By Terri Ciccone

There’s something brewing inside Big Snow Buffalo Lodge, a new Bushwick music venue that caught my attention, and it wasn’t a band.

Instead of filling the place with the usual music venue decor – posters, stickers and some graffiti – the owners decided to make the walls into a sort of living, breathing art project that’s continuously developing.

Maybe “living” and “breathing” were poor choices of words considering the subject matter…. On a wall in the space is a lone skeleton, standing from floor to ceiling, frozen in time as he somberly plays his guitar. His large hat hints to us that he was once a member of a mariachi band, now playing tunes from the grave. His bony fingers grip the guitar at sharp angles, yet he appears to be effortlessly stroking the strings. His bright white cartilage contrasts with the deep warm color behind him, the color of algae resting on a serene lake under a deep blue night sky. His whittled tree bark-like guitar perhaps carved from a piece of drift wood.

The piece called Dia De Los Muertos Mariachi is inspired by a combination of Mexico’s Day of the Dead and mariachi music, a theme Bushwick based artist and musician, Jeremey Aquilino has been drawn to and working with for quite some time. He often creates different groupings of skeletal mariachi men using his characters and sometimes bases them on real bands. That leaves me wondering which musicians inspired which?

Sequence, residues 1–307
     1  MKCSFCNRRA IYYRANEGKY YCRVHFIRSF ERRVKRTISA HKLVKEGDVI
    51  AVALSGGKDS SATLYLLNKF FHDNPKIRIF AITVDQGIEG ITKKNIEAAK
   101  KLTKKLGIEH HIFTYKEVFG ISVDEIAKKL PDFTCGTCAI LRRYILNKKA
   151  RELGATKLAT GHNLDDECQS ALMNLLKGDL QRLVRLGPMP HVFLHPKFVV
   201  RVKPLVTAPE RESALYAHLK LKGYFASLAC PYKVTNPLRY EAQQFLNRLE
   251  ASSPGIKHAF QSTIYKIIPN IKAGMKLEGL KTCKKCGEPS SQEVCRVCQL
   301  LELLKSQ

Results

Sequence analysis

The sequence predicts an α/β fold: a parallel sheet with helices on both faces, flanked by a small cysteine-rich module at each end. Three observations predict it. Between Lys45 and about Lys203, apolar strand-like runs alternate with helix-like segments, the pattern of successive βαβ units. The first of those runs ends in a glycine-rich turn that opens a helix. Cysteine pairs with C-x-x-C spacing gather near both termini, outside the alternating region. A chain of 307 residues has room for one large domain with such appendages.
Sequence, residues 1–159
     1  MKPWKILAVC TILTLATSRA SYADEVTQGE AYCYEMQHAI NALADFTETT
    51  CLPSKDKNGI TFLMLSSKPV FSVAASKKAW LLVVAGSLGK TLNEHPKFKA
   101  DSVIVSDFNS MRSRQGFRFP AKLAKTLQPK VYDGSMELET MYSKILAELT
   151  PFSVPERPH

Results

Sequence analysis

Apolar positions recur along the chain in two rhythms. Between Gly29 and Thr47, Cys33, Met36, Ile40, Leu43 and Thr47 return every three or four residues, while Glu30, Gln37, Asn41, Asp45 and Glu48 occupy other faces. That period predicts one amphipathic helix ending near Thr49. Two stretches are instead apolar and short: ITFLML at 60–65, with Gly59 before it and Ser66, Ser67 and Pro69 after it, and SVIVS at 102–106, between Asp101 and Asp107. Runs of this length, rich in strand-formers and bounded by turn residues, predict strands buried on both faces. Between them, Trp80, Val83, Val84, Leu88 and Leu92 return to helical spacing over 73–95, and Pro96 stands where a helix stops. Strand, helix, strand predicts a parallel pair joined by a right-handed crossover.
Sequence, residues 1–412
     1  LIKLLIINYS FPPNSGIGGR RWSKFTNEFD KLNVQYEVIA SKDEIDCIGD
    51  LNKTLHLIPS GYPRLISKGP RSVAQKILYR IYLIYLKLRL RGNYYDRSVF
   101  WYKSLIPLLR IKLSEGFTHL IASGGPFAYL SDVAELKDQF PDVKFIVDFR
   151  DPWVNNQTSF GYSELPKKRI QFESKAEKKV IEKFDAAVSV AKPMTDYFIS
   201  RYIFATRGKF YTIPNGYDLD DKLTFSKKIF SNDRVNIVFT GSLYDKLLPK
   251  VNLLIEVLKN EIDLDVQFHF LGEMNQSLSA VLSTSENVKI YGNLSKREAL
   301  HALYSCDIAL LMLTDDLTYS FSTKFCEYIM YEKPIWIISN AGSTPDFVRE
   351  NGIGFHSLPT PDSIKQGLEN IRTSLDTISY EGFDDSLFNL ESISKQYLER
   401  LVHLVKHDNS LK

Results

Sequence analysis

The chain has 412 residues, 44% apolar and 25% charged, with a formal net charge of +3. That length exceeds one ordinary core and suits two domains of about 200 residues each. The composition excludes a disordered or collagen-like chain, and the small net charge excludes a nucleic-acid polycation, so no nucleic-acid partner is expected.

“Last year I was living over in northern Bushwick close to Ridgewood, and my neighbors would always play Spanish music, and loud (he makes a bass reggae tone noise). It would just be everywhere, and I started painting this stuff last year in that apartment,” Jeremy said with a tone of possibly coming to a realization. “So it could have been influenced by that.”

What’s also cool about the piece is there is a the possibility to add more characters, so that the lone skeleton can maybe one day form his own band. This piece, along with additional paintings in the basement of neon aliens in a geometric patterned planet, are all evolving. The artists at Big Snow seem to take pride in the fact that they never actually consider their work finished.

“It might stay as is or it might change over the next few months,” Jeremy looking up at the skeleton with adoration and skepticism, “I like to look at all my artwork as unfinished. It leaves me the option of adding, who knows,” Jeremy said.

“I kind of like the constant art that’s been developing in this place,” Jeremy said, “like over there, that happened last night” he points to a drawing pasted up on a mirror, a scene of a grumpy old woman scowling at the venue that was drawn by someone working the door during a show at the venue the night before.

This music venue is charming; I imagine it didn’t set out to become an art space. But to me, with the well-crafted stylized paintings along with the cool transformative and collaborative working styles, it seems like a great creative environment where inspiration and artist collaboration kind of drips from the walls. That defines an art space, right? So if you’re going to check out your favorite band at Big Snow, look around, you might see something different each time.